Do you think that life is a game? Filled with decisions, plays, and wins based on your knowledge, skill, and grit?
How much weight do you put into the quality of your decision making? If you’re like most of us, when you experience a setback, you are likely to look back at the choices you made leading up to that setback and blame yourself for poor decisions.
But you would be wrong. Here’s why.
Life is a Game of Poker, Not Chess
In her bestselling book Thinking in Bets, author Annie Duke explains how most of us place far too much weight on our own decision-making abilities, when in fact chance and luck play far greater roles in our lives than we realize.
Rather than being based purely on our own capacity for predicting the success of our decisions, Duke explains that outcomes are equally affected by luck.
Life is a game based on chance, not just stats.
We all know that life is a game. Are you playing a game of chess, or of poker? Click here to find out how we can help you play a smarter financial game.
You Can Never Know All the Facts
The sub-title of Duke’s book is “Making smarter decisions when you don’t have all the facts.”
She points out the uncertainty in our lives that most of us choose to ignore—and it’s the prevalence of this embedded uncertainty that makes our lives less than a game of chess and more a game of poker.
Chess is largely computational; you can plan your moves strategically based on the facts which are all laid out in front of you. In poker, you are making decisions with most of the facts concealed from you. Not an ideal way to play!
Throughout her book, Duke provides a myriad of examples demonstrating how the relationship between decision quality and outcomes is not nearly as closely related as we portend.
Understanding Our Decisions Means Learning the Right Lessons
Let’s pull back and look at the big picture.
The larger issue here is that we are learning from our experiences without really understanding that some of the good and bad outcomes were from luck, not our decisions.
This can create a feedback loop that disregards the element of luck that is present in your choices. It forms the foundation of our beliefs and can be a very stubborn source of information even in the face of contrary facts.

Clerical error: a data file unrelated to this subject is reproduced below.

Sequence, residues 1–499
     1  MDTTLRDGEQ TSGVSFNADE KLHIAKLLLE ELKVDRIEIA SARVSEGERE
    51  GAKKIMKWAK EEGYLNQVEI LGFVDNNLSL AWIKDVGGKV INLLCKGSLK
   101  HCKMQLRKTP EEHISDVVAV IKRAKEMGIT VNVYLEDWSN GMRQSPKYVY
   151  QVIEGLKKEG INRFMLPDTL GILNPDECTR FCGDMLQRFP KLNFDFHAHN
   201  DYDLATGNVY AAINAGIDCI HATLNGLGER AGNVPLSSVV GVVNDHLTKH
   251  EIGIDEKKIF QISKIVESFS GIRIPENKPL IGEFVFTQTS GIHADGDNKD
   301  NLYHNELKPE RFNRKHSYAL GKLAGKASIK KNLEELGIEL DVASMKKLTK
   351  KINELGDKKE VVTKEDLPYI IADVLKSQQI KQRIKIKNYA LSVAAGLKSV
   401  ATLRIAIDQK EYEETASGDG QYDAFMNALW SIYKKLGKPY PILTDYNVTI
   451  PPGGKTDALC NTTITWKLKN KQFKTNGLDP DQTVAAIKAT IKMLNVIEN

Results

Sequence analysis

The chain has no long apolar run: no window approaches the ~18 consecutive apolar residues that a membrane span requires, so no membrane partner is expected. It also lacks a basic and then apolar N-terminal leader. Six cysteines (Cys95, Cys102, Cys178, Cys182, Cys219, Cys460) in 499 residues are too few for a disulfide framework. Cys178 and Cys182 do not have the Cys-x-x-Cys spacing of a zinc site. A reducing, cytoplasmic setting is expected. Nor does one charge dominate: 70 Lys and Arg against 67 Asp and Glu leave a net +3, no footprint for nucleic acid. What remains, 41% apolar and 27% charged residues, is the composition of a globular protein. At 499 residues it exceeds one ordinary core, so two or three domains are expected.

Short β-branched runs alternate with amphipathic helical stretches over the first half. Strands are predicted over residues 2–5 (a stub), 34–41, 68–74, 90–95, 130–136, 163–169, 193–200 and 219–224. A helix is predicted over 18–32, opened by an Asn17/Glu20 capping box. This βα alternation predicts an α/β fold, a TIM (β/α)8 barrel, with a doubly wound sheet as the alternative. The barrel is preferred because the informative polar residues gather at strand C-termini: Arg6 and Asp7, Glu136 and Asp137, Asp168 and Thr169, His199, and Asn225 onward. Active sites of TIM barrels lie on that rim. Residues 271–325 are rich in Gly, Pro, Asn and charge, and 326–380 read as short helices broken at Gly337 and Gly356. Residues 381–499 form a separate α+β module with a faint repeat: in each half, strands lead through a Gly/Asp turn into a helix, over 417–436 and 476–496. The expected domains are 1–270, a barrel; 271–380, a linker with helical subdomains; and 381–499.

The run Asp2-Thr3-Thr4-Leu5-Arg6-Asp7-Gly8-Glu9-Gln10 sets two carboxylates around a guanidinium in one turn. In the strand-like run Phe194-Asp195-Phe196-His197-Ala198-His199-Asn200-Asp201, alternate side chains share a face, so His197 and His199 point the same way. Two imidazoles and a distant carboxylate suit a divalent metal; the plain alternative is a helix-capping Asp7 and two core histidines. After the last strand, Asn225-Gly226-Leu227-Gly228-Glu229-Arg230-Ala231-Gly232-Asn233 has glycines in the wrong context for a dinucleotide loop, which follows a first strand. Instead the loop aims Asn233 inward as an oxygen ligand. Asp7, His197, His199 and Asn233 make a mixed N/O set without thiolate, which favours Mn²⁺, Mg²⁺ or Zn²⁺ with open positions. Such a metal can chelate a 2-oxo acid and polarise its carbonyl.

Our Brains Look for Patterns
Our brains like order and are always looking for patterns, even where they don’t exist. This fact applies directly to investing, where observable data shows how different asset classes perform randomly on a year-by-year basis.
There’s an ancient proverb that says: “It’s difficult to find a black cat in a dark room, particularly when there is no cat.” We always look for the cat—some pattern in the data—even when it’s clearly not there.
Clients sometimes want to defer making financial decisions until all the facts are laid out on the table—but the thing is, you can never have all the facts. There will always be facts that we can’t or don’t know in advance, no matter how much research we do. There simply will always be an X-Factor—facts that can’t be predicted because neither can the future. In physics and other fields, this is known as “irreducible uncertainty”.
In an Uncertain World, Life is a Game of Poker
In his 2013 Ted Talk “The Pursuit of Ignorance”, Dr. Stuart Firestein, a neuroscientist at Columbia University, describes how scientific inquiry can create more questions than it answers. As he says: “knowledge is a big subject; ignorance is a bigger one.”
Science changes; everything we know changes.
What We Can Learn From Outcomes
If everything’s based on luck, what, if anything, can we learn from particular outcomes?
Well, even that has an element of chance. Outcomes become essentially another bet—it’s important to realize that any single outcome can happen for many reasons. And when we try to sort that out, we come face-to-face with trying to sort out the skill from the luck.
And how do you do that? Duke details what she calls a “10-10-10” decision-making formula. When you are faced with a decision to make, break it down into three elements. Consider what the consequences of each of your options will be in 10 minutes, 10 months, and 10 years. This line of thinking will get you started on the analytics you need to think about.
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This article was originally published on November 17, 2018, and has been updated.